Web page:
mrlupin

Donating Member
  • Content count

    1,418
  • Joined

  • Last visited

  • Days Won

    13

mrlupin last won the day on September 6 2016

mrlupin had the most liked content!

Community Reputation

111 Excellent

1 Follower

About mrlupin

  • Rank
    5

Contact Methods

  • ICQ
    0

Profile Information

  • Gender
    Male

Recent Profile Visitors

3,111 profile views
  1. I wonder if they chose the LEAP or the PW engine...? I couldn't find it in the article.
  2. Not much info has been circulated about the epaulets. It hasn't been communicated yet but from what I have seen and what I understand, just by looking at the uniform, a flight crew will be able to tell if he is talking to a structures technician, a M license tech or a E license tech. Also, the bars would in effect reflect rank and classification within the group. I am unsure what the end goal is for the classification (ie number of bars) but I suspect it has something to do with changing the image of the technician and creating a certain pride within that employee group. The present classification goes from 1-5 and is mostly related to pay echelon. However, the fifth level, is one that when it was created, the intent was that a technician had to demonstrate a superior level of knowledge in policy, procedures, ethics and professionalism. An evaluation is done every year to maintain that classification. I do not believe the roll out of that fifth echelon met all the objectives but it is there none the less. From what I understood an level 5 technician would have 5 bars. (as seen in the picture posted earlier) What will it mean to flight crew at the end of the day? There will no possibility of mistaking ramp services personnel with maintenance. One will likely be able to distinguish cabin maintenance personnel from aircraft maintenance personnel. As for the amount of bars, it's likely to be more of a status symbol for the AME than an identifier for flight crew.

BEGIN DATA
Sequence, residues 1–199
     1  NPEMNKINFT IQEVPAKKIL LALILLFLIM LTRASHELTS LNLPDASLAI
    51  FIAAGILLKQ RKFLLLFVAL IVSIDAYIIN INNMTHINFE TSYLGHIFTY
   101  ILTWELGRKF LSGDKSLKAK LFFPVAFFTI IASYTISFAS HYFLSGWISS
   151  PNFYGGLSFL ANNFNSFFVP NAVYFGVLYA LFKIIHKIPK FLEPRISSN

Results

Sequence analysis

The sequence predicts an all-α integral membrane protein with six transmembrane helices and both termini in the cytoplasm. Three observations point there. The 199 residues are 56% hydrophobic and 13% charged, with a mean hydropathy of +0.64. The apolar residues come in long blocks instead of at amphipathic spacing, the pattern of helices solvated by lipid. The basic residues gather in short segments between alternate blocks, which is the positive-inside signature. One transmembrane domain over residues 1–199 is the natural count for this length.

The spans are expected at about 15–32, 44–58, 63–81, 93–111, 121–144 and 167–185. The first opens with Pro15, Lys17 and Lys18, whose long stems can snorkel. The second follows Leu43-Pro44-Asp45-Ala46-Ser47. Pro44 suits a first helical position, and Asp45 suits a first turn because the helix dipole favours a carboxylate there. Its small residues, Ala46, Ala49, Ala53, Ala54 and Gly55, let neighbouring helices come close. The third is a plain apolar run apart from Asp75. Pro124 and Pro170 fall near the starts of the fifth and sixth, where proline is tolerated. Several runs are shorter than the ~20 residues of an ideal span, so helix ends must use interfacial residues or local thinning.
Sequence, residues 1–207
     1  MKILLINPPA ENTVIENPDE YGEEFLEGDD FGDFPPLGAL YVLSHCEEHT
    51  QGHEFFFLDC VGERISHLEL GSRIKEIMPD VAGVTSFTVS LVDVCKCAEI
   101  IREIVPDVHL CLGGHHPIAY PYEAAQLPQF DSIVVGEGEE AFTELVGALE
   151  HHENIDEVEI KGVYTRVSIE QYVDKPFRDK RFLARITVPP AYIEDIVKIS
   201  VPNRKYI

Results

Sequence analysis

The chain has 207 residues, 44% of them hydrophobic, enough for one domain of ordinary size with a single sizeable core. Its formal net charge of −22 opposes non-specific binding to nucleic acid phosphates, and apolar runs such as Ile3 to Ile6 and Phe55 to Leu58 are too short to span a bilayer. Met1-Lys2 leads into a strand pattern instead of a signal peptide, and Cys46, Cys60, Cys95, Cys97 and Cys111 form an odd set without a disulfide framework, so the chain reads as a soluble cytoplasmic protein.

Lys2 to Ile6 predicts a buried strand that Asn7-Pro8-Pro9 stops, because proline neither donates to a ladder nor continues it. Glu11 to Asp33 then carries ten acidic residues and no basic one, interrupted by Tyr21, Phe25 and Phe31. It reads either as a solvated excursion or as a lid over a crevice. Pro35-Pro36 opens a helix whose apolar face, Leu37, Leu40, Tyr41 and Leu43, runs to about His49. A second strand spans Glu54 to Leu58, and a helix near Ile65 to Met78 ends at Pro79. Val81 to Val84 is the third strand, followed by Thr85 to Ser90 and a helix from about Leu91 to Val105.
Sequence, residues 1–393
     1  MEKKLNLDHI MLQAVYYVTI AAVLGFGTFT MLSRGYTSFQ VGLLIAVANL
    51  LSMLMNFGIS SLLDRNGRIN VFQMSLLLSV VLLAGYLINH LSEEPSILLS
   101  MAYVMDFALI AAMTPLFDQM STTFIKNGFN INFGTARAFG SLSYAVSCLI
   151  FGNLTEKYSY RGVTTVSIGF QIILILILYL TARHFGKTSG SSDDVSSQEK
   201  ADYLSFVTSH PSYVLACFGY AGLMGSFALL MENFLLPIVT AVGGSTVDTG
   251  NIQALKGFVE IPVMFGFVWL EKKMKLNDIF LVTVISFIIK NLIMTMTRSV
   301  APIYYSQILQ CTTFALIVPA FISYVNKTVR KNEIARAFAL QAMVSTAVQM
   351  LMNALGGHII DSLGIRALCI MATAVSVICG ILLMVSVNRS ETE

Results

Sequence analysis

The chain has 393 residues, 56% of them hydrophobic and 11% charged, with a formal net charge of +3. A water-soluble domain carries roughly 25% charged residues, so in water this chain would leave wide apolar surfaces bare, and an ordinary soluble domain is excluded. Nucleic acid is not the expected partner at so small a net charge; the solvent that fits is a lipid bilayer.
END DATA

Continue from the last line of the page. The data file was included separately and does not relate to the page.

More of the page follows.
3. Would all this be for a new coat of paint? You would think they are unveiling a system to get passengers to outer space with this veil of secrecy. I wonder what the objectives of the marketing department are when they do events like this...
  4. I'd guess the engine cowls will be black...
  5. K.O. for P.M.

    On topic if anyone is interested... Jan 20: Kevin O'Leary, Kellie Leitch, test out Donald Trump-style tactics in Canada http://podcast.cbc.ca/mp3/podcasts/current_20170120_23288.mp3
  6. Hi Malcolm, Like all other aircraft, if you add fuel you carry less "payload".